Forum for Science, Industry and Business

Sponsored by:     3M 
Search our Site:

 

Artemis starts its journey to final orbit

22.02.2002


Artemis orbit evolution


communicationg with SPOT 4 (artist’s impression)


Thanks to ion propulsion, the Artemis mission is turning near-defeat into a success story. Nominal operations could start this summer, with ESA’s satellite, manufactured by Alenia Spazio as prime contractor (I), playing a significant role in the pursuit of high technology and advanced telecommunications.

On 12 July 2001, 30 minutes after lift-off from Europe’s spaceport in Kourou, French Guiana, it became apparent that the Ariane 5 launcher had propelled the Artemis satellite into a transfer orbit that was lower than expected, with the apogee (the most distant point from Earth) at only 17 000 km rather than the nominal 36 000 km.
Under normal circumstances a conventional satellite does not carry enough fuel to compensate for a shortfall in launcher performance of this magnitude. But with an innovative application of ion propulsion (*), a system 10 times more efficient than conventional chemical propulsion, recovery appeared possible. Embedded in a novel and remarkably flexible system design, used with outstanding ingenuity, team spirit and operational skills, Artemis’ propulsion capabilities proved to be the key to the rescue of an otherwise lost mission.


The initial raising of the orbit, by means of the limited chemical propulsion available, was carried out in less than 10 days by a team of Alenia Spazio, Astrium and Telespazio experts supported by ESA engineers. This speed of response was vital to prevent substantial spacecraft degradation by prolonged exposure to the radiation levels of the Van Allen belt. The duration of the firings was calculated to reach a safe parking orbit while retaining some 70 kg of fuel in the tanks, in order to eventually sustain a nominal on-station lifetime of 5 to 7 years.

All operations turned out to be extremely successful: with 5 perigee firings the apogee was lifted to 31 000 km. Subsequently, with 3 nominal apogee firings, Artemis was able to reach a circular parking orbit at 31 000 km. Considering the exceptional conditions encountered and due to the perfect performances provided by the spacecraft, both perigee and apogee firings were performed with high efficiency, consuming about 95% of the chemical propellant on board.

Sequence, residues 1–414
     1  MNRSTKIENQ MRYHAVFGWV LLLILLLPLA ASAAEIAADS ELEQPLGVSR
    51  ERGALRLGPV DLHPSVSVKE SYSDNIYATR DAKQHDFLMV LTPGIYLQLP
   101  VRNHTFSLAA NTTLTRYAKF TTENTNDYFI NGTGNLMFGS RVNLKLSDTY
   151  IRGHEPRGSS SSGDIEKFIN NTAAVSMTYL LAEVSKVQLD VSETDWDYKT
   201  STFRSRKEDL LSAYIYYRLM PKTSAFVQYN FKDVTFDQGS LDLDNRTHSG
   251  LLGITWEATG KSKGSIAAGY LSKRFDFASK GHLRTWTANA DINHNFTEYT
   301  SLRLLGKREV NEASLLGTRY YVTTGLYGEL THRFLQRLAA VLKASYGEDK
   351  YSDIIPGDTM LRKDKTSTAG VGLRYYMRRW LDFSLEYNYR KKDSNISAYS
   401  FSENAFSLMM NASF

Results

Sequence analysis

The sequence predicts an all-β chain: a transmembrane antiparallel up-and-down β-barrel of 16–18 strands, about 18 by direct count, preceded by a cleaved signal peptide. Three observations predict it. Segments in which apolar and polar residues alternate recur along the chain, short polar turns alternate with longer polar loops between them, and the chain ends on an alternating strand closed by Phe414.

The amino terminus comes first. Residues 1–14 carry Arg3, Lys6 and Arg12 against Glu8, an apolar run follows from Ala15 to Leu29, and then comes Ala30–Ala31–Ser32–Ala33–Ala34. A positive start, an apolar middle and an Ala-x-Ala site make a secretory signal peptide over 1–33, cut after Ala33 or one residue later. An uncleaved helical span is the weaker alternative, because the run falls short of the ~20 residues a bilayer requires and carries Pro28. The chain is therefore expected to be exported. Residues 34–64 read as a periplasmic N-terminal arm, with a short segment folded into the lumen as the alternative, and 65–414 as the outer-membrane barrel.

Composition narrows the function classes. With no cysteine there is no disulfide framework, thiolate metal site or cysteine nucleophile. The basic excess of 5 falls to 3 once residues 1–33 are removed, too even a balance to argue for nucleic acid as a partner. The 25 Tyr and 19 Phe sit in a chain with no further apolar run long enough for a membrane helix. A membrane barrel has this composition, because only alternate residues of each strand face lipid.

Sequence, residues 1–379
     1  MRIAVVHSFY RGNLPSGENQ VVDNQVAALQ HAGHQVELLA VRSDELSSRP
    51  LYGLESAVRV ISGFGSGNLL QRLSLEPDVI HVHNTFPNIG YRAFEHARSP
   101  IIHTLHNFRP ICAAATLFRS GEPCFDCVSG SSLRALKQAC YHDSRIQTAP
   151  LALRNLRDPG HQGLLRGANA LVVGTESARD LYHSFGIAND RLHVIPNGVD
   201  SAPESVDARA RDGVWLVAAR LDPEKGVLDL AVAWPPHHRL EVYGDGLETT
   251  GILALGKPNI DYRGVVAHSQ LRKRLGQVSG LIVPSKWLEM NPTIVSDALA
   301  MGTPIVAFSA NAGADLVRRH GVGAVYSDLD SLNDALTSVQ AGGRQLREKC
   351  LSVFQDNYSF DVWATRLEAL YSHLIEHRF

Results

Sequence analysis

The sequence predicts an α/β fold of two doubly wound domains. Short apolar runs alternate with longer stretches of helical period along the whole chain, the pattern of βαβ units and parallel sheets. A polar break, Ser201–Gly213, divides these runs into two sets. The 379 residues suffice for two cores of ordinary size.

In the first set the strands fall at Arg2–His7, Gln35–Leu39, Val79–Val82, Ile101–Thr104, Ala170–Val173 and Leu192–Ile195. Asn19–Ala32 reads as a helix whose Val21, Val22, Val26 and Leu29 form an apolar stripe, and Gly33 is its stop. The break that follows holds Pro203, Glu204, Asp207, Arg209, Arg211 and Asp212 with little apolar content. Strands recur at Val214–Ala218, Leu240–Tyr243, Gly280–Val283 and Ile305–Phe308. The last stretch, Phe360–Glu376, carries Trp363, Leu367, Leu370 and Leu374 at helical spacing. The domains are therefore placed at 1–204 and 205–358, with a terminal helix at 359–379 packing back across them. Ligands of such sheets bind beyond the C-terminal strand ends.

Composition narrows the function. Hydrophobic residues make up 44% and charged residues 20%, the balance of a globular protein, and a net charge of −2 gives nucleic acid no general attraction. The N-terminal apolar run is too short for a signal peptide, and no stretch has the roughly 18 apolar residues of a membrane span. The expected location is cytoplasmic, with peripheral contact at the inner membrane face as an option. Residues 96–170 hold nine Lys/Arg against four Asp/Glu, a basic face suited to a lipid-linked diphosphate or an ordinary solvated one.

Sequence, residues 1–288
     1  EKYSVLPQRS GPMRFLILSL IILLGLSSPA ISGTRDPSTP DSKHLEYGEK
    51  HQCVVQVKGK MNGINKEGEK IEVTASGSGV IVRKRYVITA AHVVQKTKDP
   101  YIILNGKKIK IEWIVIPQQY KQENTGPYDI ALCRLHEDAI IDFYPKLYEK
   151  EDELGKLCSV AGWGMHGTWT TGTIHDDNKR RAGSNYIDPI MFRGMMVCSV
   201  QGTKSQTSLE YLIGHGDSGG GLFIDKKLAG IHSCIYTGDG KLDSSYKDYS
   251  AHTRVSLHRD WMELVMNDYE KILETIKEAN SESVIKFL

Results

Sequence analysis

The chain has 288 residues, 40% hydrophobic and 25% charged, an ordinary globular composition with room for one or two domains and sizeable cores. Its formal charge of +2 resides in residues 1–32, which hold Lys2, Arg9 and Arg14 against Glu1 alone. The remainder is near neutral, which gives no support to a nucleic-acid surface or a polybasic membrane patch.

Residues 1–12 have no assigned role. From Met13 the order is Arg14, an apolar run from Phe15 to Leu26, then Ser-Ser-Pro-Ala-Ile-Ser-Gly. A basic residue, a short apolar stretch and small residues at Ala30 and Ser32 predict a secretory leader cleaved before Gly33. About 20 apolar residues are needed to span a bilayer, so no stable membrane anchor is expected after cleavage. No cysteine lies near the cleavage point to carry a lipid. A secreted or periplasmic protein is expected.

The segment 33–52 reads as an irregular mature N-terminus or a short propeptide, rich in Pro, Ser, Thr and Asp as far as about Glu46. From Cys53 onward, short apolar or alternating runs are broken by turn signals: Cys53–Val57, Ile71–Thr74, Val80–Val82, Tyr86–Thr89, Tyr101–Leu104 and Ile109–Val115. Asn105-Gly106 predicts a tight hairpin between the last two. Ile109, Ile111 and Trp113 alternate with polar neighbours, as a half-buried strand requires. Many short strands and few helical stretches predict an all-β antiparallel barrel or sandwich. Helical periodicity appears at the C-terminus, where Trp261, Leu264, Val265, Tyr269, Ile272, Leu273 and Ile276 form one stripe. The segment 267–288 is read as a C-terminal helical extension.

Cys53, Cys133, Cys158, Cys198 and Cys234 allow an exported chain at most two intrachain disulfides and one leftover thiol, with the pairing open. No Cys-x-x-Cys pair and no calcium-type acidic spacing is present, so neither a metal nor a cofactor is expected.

Preparations for the remaining orbit-raising manoeuvre, using the ion engines, required a considerable amount of work, mainly due to the need to shift the spacecraft from its nominal Earth-pointing to an in-flight pointing orientation. New onboard flight control laws had to be defined and corresponding new software written, tested and implemented under pressure of time. New operational procedures had to be established and hardware configured in a way for which it was not initially conceived. All this turned out to be a very challenging task, never attempted before by Europe on a communication spacecraft.

In January 2002 all new software modules were completed and fully tested by Alenia Spazio and Astrium . Today, Artemis starts spiralling out of its safe parking orbit to bridge the gap of some 5000 km at a rate of roughly 1 km per hour.

Whereas the initial part of the orbit-raising process, using chemical thrusters, was completed within a few days, the remaining part is expected to last more than 200 days, requiring two ion engines to fire almost continuously. That is because the thrust of these engines is very weak indeed (15 millinewtons). Their task can be compared to driving an ocean liner with an outboard motor. Artemis is expected to arrive this summer at its nominal altitude of 36 000 km.

In parallel with orbit-raising preparations, in-orbit verification of the communication payloads was performed. The most spectacular events were communication tests with the CNES (French Space Agency) SPOT-4 Earth observation satellite (see ESA press release 75/2001), during which image data from SPOT 4 were transmitted by laser light to Artemis and from there by radio waves to the Spot Image processing centre in Toulouse. All tests confirmed that Artemis’ payloads are healthy and ready to support the technological and operational communication programme.
Now the spacecraft is on course for its nominal slot in geostationary orbit. An all but lost mission is on its way to full recovery since Artemis will eventually be able to serve its users from its geostationary position for at least 5 years of nominal operation.

(*) The principle of any kind of thruster in space is to accelerate molecules and expel them from the satellite at the highest possible speed. Conventional thrusters use a chemical reaction between fuel and oxidiser to heat a gas and eject the molecules at a speed of typically 1 km/sec. Electrical propellant systems first ionise (i.e. electrically charge) the molecules of a gas (xenon, for instance). The ionised gas is then accelerated by electrical fields and ejected from the satellite at a speed of typically 10 m/sec.